Over a few weeks I wound up my affairs, gave away most of my stuff, said goodbye to my friends, took a duffle bag and a backpack with clothes and books and made my way to where the Green Tortoise bus was waiting.
I never really felt at home in New York City in the late 1970s and as the next decade appeared. The rents were too high, the people too volatile, the pace always rushed. I never found a niche in writing, or publishing, or editing.
I did a little freelance writing for a book on music festivals, proofread Abrams art books, and corrected print ads. I wasn’t setting the world on fire with my writing, which I’ve always wished I could do, despite ever a little too lazy to put the necessary work into it.
I still had dreams of writing a novel, though. By the time being attacked in the subway showed me that the cosmos was urging me to move on, I was thinking San Francisco might be a cool place to live and write. I knew some people there from the intellectual counter culture and Zen circles I hung out in for a couple of years. My parents spent some time there during their young married life. I was curious about the place.
Decision made… but how to get there, since I wanted to conserve my money for living when I arrived, rather than the traveling?
I had seen here and there around town, maybe pasted on a power pole or on bulletin boards, advertisements in a mock R. Crumb style for a very reasonably priced bus trip from New York to San Francisco on something called the Green Tortoise Bus Line.
It’s been called the last of the hippie bus lines (the Gray Rabbit was another), and Green Tortoise still exists today, although it bills itself now as an adventure tour company. It even has its own hostels in Seattle and San Francisco. In those days, it seemed to be offering an alternative to Greyhound to getting across the country, and for the price, it sounded good to me.
When the father of one of the present day executives of Green Tortoise, Lyle Kent, founded the company in the early 1970s, he discovered he could make a living carting hippies around the country in an old bus.
And so when I boarded the green, round cornered, worn-looking vehicle in New York City in 1980, I could tell this might be a little different from your typical Greyhound journey. For starters, all the luggage was piled in racks on top of the bus.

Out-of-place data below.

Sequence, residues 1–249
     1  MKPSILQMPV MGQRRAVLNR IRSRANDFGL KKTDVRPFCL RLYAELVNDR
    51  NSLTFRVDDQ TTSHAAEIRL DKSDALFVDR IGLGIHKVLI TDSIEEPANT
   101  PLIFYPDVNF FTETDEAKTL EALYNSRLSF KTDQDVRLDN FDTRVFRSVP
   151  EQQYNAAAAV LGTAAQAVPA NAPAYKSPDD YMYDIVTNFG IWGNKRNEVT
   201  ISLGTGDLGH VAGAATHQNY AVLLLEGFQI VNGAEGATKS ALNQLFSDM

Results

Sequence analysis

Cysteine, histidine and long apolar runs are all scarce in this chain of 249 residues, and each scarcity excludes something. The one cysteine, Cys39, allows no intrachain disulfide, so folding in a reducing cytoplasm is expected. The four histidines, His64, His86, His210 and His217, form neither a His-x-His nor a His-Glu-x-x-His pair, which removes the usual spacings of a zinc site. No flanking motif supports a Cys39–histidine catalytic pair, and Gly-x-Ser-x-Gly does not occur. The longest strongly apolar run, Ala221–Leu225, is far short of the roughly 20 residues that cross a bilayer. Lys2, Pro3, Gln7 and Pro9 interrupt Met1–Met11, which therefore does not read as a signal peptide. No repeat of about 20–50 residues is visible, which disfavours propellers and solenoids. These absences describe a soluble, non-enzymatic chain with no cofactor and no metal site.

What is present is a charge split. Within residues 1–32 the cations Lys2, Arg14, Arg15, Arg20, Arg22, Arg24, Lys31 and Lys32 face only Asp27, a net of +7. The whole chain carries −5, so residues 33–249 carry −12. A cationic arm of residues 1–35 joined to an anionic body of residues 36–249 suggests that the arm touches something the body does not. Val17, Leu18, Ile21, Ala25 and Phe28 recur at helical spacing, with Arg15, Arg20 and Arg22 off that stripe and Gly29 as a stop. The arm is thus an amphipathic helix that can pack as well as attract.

As a hippie sympathizer from way back, I appreciated the whole alternative, laid-back trip: the communal vegetarian meals, the foams laid out on a flat surface where you could sprawl and sleep and play cards as you wished, the occasional illicit substance making the rounds, the camaraderie with people, even then, who were more likely to be Australian tourists than your original hippie.
We rolled through the United States, all the way to San Francisco, stopping here and there at scenic spots to eat or camp, chatting, sleeping, smoking and with nary a stop at any greasy spoon roadhouses.
I think it was late summer when we arrived in San Francisco. I stayed in some rundown hotel overnight, and the next day, consulting a newspaper’s want-ads, found a boarding house way down Market Street, near Noe Avenue.
It was a second-floor walk-up with five small rooms, a shared kitchen, dining area and a couple bathrooms, owned by an elderly Chinese woman who seemed well-acquainted with the traits of slightly disreputable young men. At least she didn’t mind renting to them…
My fellow renters, whom I came to know at least a little bit, were each odd in their way. I’ve often thought of their unique characters over the years. All were relatively young, twenties or thirties.